The agreements were set forth in the Basic Agreement on the Region of Eastern Slavonia, Baranja and Sirmium (referred to as the Basic Agreement or the Erdut Agreement), signed November 12, 1995, in which the Croatian government and local Serb leaders agreed that Eastern Slavonia would return to Croat authority by January 15, 1997.[6] Among other things, the Basic Agreement called for demilitarization of the region, assured the rights of all persons to return to their original homes, assured the rights of those in Eastern Slavonia to remain, and provided for elections, a transitional police force, and human rights monitoring. The Security Council resolution approving the Erdut Agreement also created UNTAES, which would administer Eastern Slavonia with a military component (5,000 soldiers), as well as civilian police monitors, a transitional police force and civilian staff to handle election, refugee and other integration issues.[7] The Basic Agreement permitted an extension of the transition period, and on November 15, 1996, in response to a request by the local Serb community, the Security Council extended the transition period and UNTAES's mandate to July 15, 1997.[8] This resolution also raised the possibility of a reduced UNTAES presence which would remain after July 15, 1997 until January 15, 1998. More detailed plans for the implementation of the Basic Agreement were set forth in a Letter of Intent from the government of Croatia, dated January 13, 1997.[9] The Letter of Intent set forth general voter qualifications, provided for cultural and educational autonomy for Serbs and minorities and proportional representation in the police and the judiciary, set a two-year deferment from military service for Serbs, and assured that various senior government posts would go to Serbs.

Eastern Slavonia (Sector East) encompasses an area of 2,153 square kilometers with 159 settlements (i.e., including cities, towns, villages and hamlets). Prior to the conflict, it was a region of mixed ethnicity with Croats comprising the largest ethnic group, but including a significant Serb minority along with Hungarians, Slovaks and others. Of the 193,513 people who lived in the area at the time of the 1991 census, 86,096 or 44 percent were Croats, 67,567 or 35 percent were Serbs, and the 39,850 inhabitants who comprised the remaining 21 percent of the area's population were Hungarians, Slovaks, Ruthenians and others, including those who identified themselves as Yugoslavs. By the war's end, Eastern Slavonia had become majority Serb. Current population estimates range from 120,000 to 150,000, of which the significant majority are Serb.[10] Half of the Serb population have been living in Eastern Slavonia since prior to the war; the other half comprises Serbs displaced from the Krajina and other areas formerly controlled by Serbs.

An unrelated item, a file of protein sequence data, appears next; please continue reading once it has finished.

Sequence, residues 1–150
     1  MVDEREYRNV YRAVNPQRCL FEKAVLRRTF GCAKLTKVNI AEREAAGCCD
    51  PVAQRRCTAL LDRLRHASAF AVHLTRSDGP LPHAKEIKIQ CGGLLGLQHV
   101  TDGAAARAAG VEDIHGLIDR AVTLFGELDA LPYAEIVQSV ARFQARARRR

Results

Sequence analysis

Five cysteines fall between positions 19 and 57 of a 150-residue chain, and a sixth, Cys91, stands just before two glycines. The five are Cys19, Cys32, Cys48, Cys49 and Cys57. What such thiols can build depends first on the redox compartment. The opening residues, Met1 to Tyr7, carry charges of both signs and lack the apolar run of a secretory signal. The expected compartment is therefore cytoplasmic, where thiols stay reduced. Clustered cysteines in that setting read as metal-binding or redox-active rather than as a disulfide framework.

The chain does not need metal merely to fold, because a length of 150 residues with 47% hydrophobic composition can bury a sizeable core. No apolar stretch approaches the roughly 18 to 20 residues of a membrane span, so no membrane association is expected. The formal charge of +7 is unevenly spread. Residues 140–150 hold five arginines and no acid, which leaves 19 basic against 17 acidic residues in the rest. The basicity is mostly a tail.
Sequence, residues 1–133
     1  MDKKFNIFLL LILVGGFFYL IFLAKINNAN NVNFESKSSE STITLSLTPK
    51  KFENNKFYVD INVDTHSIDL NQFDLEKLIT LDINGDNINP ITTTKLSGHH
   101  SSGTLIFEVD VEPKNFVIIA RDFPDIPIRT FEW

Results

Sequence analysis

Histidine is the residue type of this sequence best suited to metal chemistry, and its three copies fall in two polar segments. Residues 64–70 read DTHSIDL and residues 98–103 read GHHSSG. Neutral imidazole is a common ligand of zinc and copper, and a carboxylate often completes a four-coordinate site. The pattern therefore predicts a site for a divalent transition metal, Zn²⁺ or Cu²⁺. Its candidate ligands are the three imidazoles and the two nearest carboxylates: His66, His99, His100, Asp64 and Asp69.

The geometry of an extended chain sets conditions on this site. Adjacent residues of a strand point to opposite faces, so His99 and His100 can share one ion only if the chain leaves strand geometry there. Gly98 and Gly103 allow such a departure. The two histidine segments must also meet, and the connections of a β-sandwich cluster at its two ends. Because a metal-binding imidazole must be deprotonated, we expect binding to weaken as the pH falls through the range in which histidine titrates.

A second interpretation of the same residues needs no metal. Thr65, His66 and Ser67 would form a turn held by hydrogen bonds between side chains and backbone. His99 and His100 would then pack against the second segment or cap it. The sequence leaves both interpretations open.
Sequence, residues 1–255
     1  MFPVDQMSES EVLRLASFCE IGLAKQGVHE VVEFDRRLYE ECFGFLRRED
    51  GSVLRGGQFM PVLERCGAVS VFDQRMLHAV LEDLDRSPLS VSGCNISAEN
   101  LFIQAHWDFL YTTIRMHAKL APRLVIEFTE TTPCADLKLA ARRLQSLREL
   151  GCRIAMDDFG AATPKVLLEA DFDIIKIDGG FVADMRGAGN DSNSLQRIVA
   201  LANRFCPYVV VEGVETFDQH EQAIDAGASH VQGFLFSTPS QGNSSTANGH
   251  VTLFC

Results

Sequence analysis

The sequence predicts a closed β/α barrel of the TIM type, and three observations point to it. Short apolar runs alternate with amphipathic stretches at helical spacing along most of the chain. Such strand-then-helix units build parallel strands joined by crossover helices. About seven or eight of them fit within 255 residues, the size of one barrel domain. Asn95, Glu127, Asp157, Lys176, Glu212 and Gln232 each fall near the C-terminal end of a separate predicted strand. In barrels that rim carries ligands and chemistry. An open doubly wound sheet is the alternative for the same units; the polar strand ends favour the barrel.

RESOLUTION OF PROPERTY DISPUTES AND THE RIGHT TO RETURN

The resolution of disputes over property ownership and occupation in Eastern Slavonia is intimately linked to the resolution of such disputes throughout the former Yugoslavia. Fighting over the past five years has led to several waves of expulsions that have a direct impact on Eastern Slavonia. The Serbs in Eastern Slavonia most vulnerable to housing disputes are those who have already been displaced once, during and after the Croatian military offensives of May and August 1995 in the former Sector West and the Krajina, respectively. For many of these Serbs, return to their original homes has been difficult, if not impossible. Many of their homes have been destroyed or are now occupied by Croats displaced from other regions in Croatia and also from Bosnia-Hercegovina and the Federal Republic of Yugoslavia (FRY). For many of these displaced Croats, in turn, return to their original homes outside of Croatia is impossible because their houses too have been destroyed, or are now occupied by Bosnian Serbs.

Perhaps the most significant threat to the peaceful reintegration of Eastern Slavonia will be disputes over property ownership and the inability of displaced persons to return to their homes. Fundamentally, the issue may be summarized as follows – what will be the result when a family of displaced Croats returns to their home in Eastern Slavonia and finds that it is currently occupied by a family of displaced Serbs? Many representatives of the Croatian government, international organizations and NGOs recognize that the resolution of these issues is essential for a peaceful transfer of authority. Yet, only days before the elections, the legal regime governing these issues remains unclear. Despite Croatia's obligations under the Basic Agreement to protect the rights of all persons to return to their original homes, Croatian laws governing property issues arising from the conflict and subsequent population movements are either vague about their applicability to Eastern Slavonia or, in conjunction with government actions, clearly operate against a comprehensive solution by making it more difficult for displaced Serbs to return to their original homes, or otherwise dispose of their property.